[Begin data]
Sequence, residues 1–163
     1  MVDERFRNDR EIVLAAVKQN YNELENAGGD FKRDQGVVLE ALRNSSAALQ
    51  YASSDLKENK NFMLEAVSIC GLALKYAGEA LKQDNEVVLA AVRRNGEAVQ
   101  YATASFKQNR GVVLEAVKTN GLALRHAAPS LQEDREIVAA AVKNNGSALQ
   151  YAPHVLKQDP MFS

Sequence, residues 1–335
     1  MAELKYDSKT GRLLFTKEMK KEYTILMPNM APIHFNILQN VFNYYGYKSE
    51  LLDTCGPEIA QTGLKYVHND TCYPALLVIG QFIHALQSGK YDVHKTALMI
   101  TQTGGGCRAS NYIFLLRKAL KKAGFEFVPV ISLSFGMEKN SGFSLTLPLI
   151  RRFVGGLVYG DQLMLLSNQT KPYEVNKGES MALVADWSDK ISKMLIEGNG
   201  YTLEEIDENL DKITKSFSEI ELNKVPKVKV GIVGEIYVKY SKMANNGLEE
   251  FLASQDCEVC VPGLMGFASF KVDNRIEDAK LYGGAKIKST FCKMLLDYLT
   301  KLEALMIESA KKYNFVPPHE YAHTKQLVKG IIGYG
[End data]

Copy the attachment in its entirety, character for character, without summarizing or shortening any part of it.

Sequence, residues 1–163
     1  MVDERFRNDR EIVLAAVKQN YNELENAGGD FKRDQGVVLE ALRNSSAALQ
    51  YASSDLKENK NFMLEAVSIC GLALKYAGEA LKQDNEVVLA AVRRNGEAVQ
   101  YATASFKQNR GVVLEAVKTN GLALRHAAPS LQEDREIVAA AVKNNGSALQ
   151  YAPHVLKQDP MFS

Sequence, residues 1–335
     1  MAELKYDSKT GRLLFTKEMK KEYTILMPNM APIHFNILQN VFNYYGYKSE
    51  LLDTCGPEIA QTGLKYVHND TCYPALLVIG QFIHALQSGK YDVHKTALMI
   101  TQTGGGCRAS NYIFLLRKAL KKAGFEFVPV ISLSFGMEKN SGFSLTLPLI
   151  RRFVGGLVYG DQLMLLSNQT KPYEVNKGES MALVADWSDK ISKMLIEGNG
   201  YTLEEIDENL DKITKSFSEI ELNKVPKVKV GIVGEIYVKY SKMANNGLEE
   251  FLASQDCEVC VPGLMGFASF KVDNRIEDAK LYGGAKIKST FCKMLLDYLT
   301  KLEALMIESA KKYNFVPPHE YAHTKQLVKG IIGYG